This study evaluates a therapy for infarct modulation and acute myocardial rescue and utilizes a novel technique to measure local myocardial oxygenation in vivo. Bone marrow-derived endothelial progenitor cells (EPCs) were targeted to the heart with peri-infarct intramyocardial injection of the potent EPC chemokine stromal cell-derived factor 1a (SDF). Myocardial oxygen pressure was assessed using a noninvasive, real-time optical technique for measuring oxygen pressures within microvasculature based on the oxygen-dependent quenching of the phosphorescence of Oxyphor G3. Myocardial infarction was induced in male Wistar rats (n = 15) through left anterior descending coronary artery ligation. At the time of infarction, animals were randomized into two groups: saline control (n = 8) and treatment with SDF (n = 7). After 48 h, the animals underwent repeat thoracotomy and 20 µl of the phosphor Oxyphor G3 was injected into three areas (peri-infarct myocardium, myocardial scar, and remote left hindlimb muscle). Measurements of the oxygen distribution within the tissue were then made in vivo by applying the end of a light guide to the beating heart. Compared with controls, animals in the SDF group exhibited a significantly decreased percentage of hypoxic (defined as oxygen pressure = 15.0 Torr) peri-infarct myocardium (9.7 ± 6.7% vs. 21.8 ± 11.9%, P = 0.017). The peak oxygen pressures in the peri-infarct region of the animals in the SDF group were significantly higher than the saline controls (39.5 ± 36.7 vs. 9.2 ± 8.6 Torr, P = 0.02). This strategy for targeting EPCs to vulnerable peri-infarct myocardium via the potent chemokine SDF-1a significantly decreased the degree of hypoxia in peri-infarct myocardium as measured in vivo by phosphorescence quenching. This effect could potentially mitigate the vicious cycle of myocyte death, myocardial fibrosis, progressive ventricular dilatation, and eventual heart failure seen after acute myocardial infarction.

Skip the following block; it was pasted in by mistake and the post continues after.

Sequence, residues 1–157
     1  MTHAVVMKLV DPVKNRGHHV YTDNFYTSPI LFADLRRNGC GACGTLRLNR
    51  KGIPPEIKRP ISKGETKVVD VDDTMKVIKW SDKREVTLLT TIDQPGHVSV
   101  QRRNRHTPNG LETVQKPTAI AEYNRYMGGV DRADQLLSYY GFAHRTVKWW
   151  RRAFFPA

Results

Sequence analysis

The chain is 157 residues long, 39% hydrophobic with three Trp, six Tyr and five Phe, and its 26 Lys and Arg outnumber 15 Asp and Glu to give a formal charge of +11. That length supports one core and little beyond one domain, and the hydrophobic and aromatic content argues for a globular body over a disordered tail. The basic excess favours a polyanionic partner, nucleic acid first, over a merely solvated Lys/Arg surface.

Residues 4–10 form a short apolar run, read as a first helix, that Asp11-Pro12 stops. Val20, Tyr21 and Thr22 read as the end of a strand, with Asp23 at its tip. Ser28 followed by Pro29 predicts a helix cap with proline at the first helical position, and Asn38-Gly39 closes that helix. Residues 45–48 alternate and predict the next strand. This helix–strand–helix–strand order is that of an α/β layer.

View details for DOI 10.1152/japplphysiol.01138.2010
View details for Web of Science ID 000290472400043
View details for PubMedID 21292844
View details for PubMedCentralID PMC3098666